3x6

3x8

3x6

3x8

3x6

DB Row

3x6

3x8

3x6

3x8

3x6

Rotator Cuff

 

 

 

 

 

DB Full Cans

2x12

2x12

2x12

2x12

2x12

 

DAY 2

 

Week 1

Week 2

Week 3

Week 4

Week 5

Total Body

 

 

 

 

 

DB Split Power Jerk

3x4

3x6

3x4

3x6

3x4

Lower Body

 

 

 

 

 

DB Hockey Lunge

3x6

3x8

3x6

3x8

3x6

DB Good Morning

3x6

3x8

3x6

3x8

3x6

Core

 

 

 

 

 

Stand Band Twist

3x15

3x15

3x15

3x18

3x18

DB Crunches

3x15

3x15

3x15

3x18

3x18

Upper Body

 

 

 

 

 

DB Shoulder Press

3x6

3x8

3x6

3x8

3x6

DB Wide Grip Row

3x6

3x8

3x6

3x8

3x6

Rotator Cuff

 

 

 

 

 

Ws

2x12

2x12

2x12

2x12

2x12

 

All exercises demonstrated by John Graham

Clickable links

DB Squat

DB Good Morning

DB Crunch

DB Twist Crunch

DB Bench Press

DB Row

DB Rotator Cuff Full Cans

DB Sumo Deadlift

DB SLDL

DB Press Crunch

DB Bicycles

DB Shoulder Press

DB Bent Lateral Raise

Rotator Cuff Ws

DB Front Squats

DB Back Extension

DB One Leg V-Up

DB Side Bends

DB Split Power Jerk

DB Shoulder Press

DB Hockey Lunge

DB Wide Grip Row

DB Incline Press

Stand Band Twist

DB Incline Press

DB Hamstring Curl

DB Lateral Squat

DB Stand Russian Twist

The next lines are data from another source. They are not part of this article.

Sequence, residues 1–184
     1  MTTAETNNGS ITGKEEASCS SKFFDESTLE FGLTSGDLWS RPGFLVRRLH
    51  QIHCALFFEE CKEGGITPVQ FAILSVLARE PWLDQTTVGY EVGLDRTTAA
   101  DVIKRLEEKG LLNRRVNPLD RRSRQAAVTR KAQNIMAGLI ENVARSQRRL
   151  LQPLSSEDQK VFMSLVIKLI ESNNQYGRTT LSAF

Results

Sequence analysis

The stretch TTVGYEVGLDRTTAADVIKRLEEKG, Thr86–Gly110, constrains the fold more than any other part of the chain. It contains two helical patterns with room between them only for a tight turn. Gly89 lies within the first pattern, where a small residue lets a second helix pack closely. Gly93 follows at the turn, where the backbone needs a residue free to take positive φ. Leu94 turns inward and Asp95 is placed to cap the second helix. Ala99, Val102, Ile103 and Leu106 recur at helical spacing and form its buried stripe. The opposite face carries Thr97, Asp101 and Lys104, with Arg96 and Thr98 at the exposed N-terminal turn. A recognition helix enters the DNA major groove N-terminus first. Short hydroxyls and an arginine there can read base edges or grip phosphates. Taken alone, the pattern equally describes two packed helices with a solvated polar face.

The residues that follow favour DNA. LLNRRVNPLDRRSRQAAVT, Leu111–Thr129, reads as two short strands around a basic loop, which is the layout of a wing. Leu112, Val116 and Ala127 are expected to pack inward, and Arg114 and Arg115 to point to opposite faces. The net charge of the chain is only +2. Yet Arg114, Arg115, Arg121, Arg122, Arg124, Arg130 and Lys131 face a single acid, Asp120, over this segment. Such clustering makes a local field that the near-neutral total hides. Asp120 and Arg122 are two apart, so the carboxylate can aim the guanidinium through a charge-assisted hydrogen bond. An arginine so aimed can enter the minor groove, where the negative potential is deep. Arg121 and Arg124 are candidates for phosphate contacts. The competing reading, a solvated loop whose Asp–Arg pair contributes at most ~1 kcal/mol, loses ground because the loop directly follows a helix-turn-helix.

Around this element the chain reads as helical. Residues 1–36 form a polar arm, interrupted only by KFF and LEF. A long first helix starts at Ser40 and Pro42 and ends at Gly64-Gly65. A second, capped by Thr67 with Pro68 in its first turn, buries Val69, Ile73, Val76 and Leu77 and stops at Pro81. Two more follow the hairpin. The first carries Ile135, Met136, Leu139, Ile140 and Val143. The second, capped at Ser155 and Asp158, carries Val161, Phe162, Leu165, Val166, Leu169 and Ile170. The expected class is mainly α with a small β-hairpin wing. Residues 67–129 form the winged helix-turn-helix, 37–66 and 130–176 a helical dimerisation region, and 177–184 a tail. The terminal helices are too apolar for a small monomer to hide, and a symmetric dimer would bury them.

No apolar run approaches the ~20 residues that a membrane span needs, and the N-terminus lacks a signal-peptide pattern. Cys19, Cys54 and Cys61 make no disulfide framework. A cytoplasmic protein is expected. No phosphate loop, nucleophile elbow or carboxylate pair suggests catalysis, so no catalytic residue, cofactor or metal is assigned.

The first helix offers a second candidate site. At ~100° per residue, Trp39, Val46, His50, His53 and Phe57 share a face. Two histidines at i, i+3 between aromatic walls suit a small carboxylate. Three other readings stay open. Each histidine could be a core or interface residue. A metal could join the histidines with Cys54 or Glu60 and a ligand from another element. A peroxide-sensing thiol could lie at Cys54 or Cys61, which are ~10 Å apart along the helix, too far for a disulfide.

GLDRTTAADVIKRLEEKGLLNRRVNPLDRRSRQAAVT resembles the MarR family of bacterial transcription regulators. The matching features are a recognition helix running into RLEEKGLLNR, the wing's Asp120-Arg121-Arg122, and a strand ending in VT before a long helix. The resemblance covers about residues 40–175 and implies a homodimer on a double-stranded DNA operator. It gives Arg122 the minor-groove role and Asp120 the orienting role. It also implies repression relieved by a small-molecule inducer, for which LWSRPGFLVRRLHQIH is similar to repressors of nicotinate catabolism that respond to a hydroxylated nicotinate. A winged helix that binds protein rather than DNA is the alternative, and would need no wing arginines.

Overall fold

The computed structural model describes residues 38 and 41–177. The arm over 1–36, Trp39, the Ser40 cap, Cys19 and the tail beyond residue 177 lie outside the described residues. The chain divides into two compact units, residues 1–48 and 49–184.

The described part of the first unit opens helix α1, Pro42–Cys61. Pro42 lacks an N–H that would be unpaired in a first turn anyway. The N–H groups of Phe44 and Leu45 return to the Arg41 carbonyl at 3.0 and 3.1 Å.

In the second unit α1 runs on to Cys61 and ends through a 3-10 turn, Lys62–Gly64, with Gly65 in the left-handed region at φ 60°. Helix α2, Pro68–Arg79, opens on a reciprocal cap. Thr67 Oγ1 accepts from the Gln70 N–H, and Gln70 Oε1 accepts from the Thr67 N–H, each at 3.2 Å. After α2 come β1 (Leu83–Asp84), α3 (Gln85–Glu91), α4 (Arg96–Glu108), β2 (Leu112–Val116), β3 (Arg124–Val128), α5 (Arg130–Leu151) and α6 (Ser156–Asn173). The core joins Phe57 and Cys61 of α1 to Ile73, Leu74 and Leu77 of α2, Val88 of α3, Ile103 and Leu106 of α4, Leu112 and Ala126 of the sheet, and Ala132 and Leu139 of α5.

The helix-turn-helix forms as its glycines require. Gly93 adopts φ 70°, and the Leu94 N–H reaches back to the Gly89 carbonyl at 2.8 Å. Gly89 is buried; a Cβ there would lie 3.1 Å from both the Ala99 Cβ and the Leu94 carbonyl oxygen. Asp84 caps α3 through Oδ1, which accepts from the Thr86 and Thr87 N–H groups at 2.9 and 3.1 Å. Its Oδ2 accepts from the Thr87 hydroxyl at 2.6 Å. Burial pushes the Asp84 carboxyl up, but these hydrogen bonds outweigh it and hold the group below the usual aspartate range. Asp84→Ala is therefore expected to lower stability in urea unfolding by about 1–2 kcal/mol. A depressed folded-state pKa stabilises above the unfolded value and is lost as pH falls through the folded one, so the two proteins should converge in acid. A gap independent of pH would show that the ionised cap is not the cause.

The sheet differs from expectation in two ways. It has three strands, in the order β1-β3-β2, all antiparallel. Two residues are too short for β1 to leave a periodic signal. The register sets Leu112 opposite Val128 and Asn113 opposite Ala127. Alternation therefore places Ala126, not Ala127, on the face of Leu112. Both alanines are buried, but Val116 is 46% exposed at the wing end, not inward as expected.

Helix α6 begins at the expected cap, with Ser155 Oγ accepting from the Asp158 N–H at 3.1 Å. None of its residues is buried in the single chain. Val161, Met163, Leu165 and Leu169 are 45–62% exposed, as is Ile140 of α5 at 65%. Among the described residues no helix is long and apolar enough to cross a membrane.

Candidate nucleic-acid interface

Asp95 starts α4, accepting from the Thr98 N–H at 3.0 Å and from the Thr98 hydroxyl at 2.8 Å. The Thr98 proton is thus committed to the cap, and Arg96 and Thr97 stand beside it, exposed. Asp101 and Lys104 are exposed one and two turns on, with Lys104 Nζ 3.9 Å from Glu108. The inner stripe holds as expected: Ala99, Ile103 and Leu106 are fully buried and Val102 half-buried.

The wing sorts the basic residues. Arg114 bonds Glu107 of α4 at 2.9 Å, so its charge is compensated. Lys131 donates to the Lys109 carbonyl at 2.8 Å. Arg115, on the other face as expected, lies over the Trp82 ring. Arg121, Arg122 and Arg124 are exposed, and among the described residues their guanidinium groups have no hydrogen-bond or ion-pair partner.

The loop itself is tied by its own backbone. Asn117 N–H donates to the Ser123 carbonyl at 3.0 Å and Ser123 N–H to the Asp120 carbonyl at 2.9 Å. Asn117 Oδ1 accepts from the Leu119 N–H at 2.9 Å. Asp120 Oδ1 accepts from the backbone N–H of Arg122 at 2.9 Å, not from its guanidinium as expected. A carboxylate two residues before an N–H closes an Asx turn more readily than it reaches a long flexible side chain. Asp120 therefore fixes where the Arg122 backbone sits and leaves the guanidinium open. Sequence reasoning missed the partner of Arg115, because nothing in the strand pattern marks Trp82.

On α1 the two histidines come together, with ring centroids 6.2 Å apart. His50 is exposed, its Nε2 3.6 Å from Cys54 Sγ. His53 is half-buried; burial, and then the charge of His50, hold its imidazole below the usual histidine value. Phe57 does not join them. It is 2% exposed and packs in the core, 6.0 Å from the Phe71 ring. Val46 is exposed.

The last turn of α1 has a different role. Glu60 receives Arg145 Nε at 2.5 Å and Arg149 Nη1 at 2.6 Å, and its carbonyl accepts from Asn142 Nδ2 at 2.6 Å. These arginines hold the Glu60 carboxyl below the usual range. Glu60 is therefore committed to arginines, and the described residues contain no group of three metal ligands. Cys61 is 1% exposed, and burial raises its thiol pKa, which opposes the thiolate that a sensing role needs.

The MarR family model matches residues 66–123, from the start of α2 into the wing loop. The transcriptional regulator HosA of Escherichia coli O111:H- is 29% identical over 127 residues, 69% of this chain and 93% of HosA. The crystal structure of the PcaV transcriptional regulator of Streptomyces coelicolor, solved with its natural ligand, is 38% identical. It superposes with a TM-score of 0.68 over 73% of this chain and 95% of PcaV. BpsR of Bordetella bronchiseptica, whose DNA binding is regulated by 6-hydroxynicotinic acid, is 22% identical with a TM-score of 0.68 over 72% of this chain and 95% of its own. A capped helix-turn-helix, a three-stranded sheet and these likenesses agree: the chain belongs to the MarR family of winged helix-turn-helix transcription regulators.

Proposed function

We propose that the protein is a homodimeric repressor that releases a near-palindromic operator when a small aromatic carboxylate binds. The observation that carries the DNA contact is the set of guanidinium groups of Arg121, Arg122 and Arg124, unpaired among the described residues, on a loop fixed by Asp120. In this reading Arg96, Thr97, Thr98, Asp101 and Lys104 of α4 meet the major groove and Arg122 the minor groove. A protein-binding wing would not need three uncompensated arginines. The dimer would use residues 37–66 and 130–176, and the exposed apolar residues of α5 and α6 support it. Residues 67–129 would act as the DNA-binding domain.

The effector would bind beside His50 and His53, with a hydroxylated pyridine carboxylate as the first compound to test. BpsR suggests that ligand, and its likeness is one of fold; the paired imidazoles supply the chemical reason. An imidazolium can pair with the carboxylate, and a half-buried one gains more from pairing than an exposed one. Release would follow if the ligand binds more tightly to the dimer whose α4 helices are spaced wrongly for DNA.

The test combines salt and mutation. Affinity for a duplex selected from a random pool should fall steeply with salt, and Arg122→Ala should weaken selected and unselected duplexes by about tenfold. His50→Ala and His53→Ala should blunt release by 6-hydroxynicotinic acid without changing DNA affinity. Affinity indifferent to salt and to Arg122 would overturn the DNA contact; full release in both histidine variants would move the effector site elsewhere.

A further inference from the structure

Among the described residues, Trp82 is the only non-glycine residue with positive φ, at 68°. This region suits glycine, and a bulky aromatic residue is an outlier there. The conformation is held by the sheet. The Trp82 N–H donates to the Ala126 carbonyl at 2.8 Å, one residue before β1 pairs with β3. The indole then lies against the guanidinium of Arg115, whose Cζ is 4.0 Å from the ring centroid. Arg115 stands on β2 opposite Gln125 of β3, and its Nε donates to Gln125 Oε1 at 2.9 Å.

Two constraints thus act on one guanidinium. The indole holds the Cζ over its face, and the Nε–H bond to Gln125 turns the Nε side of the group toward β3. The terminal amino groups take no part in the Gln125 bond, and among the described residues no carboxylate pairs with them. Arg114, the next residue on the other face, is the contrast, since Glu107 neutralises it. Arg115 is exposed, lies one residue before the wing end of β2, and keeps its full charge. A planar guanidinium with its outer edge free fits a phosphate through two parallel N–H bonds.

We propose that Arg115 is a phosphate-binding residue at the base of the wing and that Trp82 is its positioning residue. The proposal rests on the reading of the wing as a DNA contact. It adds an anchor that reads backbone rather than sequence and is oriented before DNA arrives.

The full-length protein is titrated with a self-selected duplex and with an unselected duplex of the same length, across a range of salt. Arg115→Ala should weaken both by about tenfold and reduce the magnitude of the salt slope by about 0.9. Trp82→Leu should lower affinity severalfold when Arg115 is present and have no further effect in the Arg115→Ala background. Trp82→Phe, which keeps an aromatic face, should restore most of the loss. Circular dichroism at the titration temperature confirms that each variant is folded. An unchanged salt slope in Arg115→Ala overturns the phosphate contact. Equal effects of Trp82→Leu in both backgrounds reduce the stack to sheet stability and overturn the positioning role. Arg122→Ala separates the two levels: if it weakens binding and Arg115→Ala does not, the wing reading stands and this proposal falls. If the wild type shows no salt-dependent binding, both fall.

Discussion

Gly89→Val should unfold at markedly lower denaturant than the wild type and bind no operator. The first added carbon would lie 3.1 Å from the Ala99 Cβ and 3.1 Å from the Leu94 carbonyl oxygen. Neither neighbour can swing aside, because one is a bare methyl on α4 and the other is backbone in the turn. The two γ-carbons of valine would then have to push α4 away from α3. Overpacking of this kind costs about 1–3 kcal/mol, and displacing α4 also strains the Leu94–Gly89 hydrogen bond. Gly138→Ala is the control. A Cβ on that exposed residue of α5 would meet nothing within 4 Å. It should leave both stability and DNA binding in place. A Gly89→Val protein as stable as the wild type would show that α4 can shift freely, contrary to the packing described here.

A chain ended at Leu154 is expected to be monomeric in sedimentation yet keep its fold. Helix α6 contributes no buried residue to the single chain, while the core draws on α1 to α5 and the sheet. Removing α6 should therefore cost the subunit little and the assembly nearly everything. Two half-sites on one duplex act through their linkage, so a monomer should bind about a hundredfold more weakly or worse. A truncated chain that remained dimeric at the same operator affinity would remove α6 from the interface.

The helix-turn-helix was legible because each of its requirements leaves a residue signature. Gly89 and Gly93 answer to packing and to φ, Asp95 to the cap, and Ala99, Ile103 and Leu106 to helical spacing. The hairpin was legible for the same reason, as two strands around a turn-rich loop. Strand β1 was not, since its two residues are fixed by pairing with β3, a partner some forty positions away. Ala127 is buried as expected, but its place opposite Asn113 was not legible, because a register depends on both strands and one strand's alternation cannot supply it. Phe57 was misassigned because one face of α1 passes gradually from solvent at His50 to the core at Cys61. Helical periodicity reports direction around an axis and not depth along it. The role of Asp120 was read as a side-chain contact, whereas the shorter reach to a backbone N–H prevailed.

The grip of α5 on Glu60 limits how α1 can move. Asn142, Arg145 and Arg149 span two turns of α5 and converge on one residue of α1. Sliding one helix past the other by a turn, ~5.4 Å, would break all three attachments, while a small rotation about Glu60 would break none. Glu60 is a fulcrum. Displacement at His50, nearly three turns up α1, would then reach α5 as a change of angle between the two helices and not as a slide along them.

DB Twist Back Extension

DB Lunges

DB Hang Alt Power Clean

 

 

Conclusion

Pickleball and padel are two relatively new sports with similar characteristics.  Because of their small court size, an emphasis is placed on lower body strength to improve the ability to cover the court quickly while also addressing the need for core and upper body strength.  Resistance training is also of value in the two activities to prepare the body for the demands of the sports and reduce the opportunity for injury.  Training programs are provided to assist in physical preparation; remember to emphasize technique over intensity and progress slowly over the duration of the programs.

References

  1. Sonoda, T., Tashiro, Y., Suzuki, Y., Kajiwara, Y., Zeidan, H.,  Yokota, M.,  Kawagoe, M, Nakayama, Y.,  Bito, T.,  Shimoura, K., Tatsumi, M., Nakai, K., Nishida, Y.,  Yoshimi, S. and Aoyama, T. J of Physical Therapy Science 30(2): 320-323, 2018.
  2. Chaouachi, A., Brughelli, M., Chamari, K., Levin, G., Abdelkrim, N., Laurencelle, L., and Castagna, C. Lower Limb maximal dynamic strength and agility determinants in elite basketball players. J of Strength Cond Res 23(5): 1570-1577, 2009.
  3. https://borealislife.ca/pickleball-strategy/
  4. https://www.pickleballuniversity.com/home/5-of-the-best-strength-training-exercises-for-pickleball-players
  5. https://sportsedtv.com/blog/pickleball-strength-and-conditioning-program
  6. https://pinkpickleball.com/pickleball-exercises/
  7. https://nwpersonaltraining.com/blog/get-strong-to-play-better-pickleball/